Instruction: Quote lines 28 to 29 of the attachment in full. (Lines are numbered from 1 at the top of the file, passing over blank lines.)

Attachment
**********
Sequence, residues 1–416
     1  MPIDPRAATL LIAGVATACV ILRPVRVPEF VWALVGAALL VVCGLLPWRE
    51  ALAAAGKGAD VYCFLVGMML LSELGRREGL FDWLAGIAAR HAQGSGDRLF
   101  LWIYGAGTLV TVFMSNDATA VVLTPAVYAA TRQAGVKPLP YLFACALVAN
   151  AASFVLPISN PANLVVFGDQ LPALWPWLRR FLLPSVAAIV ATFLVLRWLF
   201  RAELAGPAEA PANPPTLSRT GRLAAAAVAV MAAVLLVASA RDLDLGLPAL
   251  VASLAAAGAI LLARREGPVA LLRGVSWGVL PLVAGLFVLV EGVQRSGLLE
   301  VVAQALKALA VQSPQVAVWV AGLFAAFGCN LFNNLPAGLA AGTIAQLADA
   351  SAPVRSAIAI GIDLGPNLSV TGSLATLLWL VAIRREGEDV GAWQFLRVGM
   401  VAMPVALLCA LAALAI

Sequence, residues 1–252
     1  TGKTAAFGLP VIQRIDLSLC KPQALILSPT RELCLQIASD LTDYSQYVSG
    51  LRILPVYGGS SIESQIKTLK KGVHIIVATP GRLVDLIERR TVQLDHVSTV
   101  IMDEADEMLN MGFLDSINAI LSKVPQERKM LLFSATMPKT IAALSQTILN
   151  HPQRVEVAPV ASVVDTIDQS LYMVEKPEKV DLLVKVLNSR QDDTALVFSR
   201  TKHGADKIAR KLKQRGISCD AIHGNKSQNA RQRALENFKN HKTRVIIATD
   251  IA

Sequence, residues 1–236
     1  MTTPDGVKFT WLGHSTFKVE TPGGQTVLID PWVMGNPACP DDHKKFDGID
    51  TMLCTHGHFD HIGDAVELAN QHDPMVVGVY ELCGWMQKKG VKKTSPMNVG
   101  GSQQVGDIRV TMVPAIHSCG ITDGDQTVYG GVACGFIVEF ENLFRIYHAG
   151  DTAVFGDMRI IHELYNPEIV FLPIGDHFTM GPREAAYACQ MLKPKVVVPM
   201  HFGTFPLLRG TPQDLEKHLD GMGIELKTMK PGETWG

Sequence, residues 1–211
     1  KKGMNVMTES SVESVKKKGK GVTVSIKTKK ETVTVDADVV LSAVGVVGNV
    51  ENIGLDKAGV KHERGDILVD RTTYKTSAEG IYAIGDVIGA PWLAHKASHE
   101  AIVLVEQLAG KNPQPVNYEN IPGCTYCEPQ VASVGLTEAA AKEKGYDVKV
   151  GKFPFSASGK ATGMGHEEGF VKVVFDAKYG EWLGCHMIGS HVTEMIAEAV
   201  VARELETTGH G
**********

   151  GKFPFSASGK ATGMGHEEGF VKVVFDAKYG EWLGCHMIGS HVTEMIAEAV
   201  VARELETTGH G